CORPORATE CORPORATE LAWYERS - COMPANY SECRETARIES
Mahlab Report 2017
Introduction 1Corporate Lawyers 6Company Secretaries 13
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Figures contained within tables in this survey have been rounded to the nearest $500 and are quoted in local currency.
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The Mahlab Report has always been informed by a unique mix of industry knowledge, research and discussions with clients and lawyers, with the aim of producing a useful, accessible guide for the legal profession.
We interviewed clients and lawyers and engaged in discussion groups, which enabled us to source information more widely from the legal profession about work conditions, remuneration and emerging trends.
We thank our consultants for their commitment, work and effort in providing quality search services to our clients and in assisting lawyers with career management and placement services. Their efforts and work have enabled the discussions regarding the legal profession, employment experiences, trends and remuneration which have informed the Mahlab Report 2017.
We thank all contributors for their frank perspectives and the generosity with which they have shared their information and experiences. It is this first-hand information that has equipped us to produce industry relevant reports that not only inform but also challenge best practice.
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KEY FINDINGSValue and innovationAn increasingly savvy and demanding corporate client group, and investment in technology and innovation are the key elements driving the growth and speed of the legal profession this year. Corporates are demanding faster and cheaper solutions from their law firm panel members but also expect innovation and business partnering. Competition on price and service, including value-adds, is more ferocious than ever; innovation is the catch-cry of corporations in their demands of law firms.
Corporates have also led the way in their use of technology and a nimble work force, with a high take-up of technology to track external spend and manage process in compliance, litigation and transactional work and the employment on a needs basis of contract, secondee, part time and flexible staff. While law firms are also investing heavily in new technologies, many still struggle with flexibility of resourcing, the formation of contract labour subsidiaries notwithstanding.
Outsourcing of legal process by mid sized and larger firms and companies with a sophisticated in-house legal function is now the norm.
Corporates are retaining more and better work in-house. The trend is for only very specialised and very large transactions and litigation to be outsourced,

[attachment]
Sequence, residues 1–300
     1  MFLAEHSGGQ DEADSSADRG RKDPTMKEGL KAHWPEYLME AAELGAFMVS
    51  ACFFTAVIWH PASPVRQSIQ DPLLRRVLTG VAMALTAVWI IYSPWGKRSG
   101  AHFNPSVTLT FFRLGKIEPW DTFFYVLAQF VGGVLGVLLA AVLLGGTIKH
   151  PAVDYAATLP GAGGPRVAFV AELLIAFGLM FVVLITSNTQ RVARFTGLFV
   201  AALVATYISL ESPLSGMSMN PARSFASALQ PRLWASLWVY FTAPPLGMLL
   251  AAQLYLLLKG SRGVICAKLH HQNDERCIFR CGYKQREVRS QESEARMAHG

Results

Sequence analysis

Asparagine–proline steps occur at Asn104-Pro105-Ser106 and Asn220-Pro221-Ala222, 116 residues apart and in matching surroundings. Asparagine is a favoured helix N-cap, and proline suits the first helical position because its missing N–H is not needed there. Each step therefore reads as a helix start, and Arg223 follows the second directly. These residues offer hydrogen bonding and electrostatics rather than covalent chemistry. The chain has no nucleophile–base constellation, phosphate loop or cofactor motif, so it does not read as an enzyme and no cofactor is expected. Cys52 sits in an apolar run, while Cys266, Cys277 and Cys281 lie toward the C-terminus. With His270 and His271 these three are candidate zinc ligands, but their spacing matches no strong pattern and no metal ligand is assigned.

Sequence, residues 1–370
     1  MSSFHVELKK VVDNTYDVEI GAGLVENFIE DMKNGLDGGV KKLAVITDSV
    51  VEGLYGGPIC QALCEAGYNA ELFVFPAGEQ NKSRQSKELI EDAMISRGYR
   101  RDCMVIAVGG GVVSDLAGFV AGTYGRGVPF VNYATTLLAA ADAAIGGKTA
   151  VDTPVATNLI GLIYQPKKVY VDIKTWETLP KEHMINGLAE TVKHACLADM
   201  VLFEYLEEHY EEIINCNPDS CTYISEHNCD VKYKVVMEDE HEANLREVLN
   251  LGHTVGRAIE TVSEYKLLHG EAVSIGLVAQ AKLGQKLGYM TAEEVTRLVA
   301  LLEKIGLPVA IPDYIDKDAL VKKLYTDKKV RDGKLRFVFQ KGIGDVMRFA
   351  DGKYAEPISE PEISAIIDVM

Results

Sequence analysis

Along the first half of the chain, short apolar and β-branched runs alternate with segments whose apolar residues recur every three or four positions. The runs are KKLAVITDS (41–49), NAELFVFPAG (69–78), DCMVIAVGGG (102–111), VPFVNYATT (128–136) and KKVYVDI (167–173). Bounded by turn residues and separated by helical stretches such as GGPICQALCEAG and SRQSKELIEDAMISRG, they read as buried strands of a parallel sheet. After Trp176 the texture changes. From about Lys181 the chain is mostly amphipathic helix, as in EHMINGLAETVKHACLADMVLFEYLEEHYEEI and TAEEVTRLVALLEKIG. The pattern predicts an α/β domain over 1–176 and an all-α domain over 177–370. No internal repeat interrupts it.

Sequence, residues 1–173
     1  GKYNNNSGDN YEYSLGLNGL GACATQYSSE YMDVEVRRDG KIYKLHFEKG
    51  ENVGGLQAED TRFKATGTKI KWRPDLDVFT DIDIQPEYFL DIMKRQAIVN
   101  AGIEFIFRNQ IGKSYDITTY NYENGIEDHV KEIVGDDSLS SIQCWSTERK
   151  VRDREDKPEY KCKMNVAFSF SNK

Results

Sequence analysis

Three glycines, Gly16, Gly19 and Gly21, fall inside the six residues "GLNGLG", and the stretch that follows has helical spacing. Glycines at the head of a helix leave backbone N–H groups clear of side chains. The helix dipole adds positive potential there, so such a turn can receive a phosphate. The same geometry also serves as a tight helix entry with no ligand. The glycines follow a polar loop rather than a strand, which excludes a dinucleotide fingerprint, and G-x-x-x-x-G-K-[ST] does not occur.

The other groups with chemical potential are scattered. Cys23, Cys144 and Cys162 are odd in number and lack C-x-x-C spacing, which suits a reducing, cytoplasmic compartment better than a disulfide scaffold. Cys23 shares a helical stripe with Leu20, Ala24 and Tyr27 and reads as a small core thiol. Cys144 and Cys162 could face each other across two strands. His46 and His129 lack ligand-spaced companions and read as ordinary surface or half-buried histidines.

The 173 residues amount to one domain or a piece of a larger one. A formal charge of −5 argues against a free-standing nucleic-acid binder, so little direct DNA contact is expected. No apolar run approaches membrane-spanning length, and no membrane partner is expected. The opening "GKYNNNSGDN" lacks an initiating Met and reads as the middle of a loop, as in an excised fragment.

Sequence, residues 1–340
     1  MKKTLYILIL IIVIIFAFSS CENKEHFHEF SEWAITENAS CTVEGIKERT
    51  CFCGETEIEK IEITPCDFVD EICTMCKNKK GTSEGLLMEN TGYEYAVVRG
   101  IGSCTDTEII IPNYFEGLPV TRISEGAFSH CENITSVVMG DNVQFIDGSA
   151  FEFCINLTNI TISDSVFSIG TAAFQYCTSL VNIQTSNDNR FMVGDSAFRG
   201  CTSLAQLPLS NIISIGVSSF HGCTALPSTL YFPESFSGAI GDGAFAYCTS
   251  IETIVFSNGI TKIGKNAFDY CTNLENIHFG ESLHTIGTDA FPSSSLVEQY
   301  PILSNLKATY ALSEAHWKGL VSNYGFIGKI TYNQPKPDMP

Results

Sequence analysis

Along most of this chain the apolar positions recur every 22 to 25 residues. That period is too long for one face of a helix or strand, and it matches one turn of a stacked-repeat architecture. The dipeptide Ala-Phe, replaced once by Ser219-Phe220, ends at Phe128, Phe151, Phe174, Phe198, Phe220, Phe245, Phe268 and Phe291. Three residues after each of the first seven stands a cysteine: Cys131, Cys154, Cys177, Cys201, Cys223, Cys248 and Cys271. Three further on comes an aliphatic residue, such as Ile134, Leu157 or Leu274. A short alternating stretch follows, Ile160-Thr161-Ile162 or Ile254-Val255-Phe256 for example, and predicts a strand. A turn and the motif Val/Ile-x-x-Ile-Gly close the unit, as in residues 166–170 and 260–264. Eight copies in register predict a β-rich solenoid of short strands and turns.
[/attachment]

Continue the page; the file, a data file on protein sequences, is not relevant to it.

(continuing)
Mahlab Report 2017The Mahlab Report is a leading source of insight for employers and professionals into Australias legal industry. The Mahlab Report is recognised for its in-depth information about the legal profession, employment experiences, trends and remuneration tables.
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generally to the larger firms. Not surprisingly, firms of all sizes report a decrease in work flow outside these categories (and even within, as competition for each matter is heavy), although small firms may still retain high volume, low margin work from a corporate client. Private practice winners are those firms with clients not large enough to hire their own lawyers yet. Government continues to provide a steady work flow to panel firms, albeit at lower hourly rates.
New entrants, including US firms, have disrupted the local market particularly in Sydney and Melbourne. Well-established global firms (themselves newcomers only five years ago) are facing aggressive competition for their partners, many of whom have moved to new global entrants with deep pockets.
Firms feel pressured not only to cut their fees, but also to provide secondees, CLE, entertainment and engagement opportunities for their in-house counsel clients. At the same time, corporates are sourcing team members from the very firms that service them, building in-house capability beyond broad commercial law into specialised areas such as competition, finance and mergers and acquisitions.
Demand for lawyers with 3 to 6 years experience is particularly high. Areas of demand in private practice have centred on construction and infrastructure, (especially front-end), property, competition, IT, banking and finance, wealth management and general commercial including business structuring and trusts. Companies are competing head-on with their law firm providers for the same talent pool.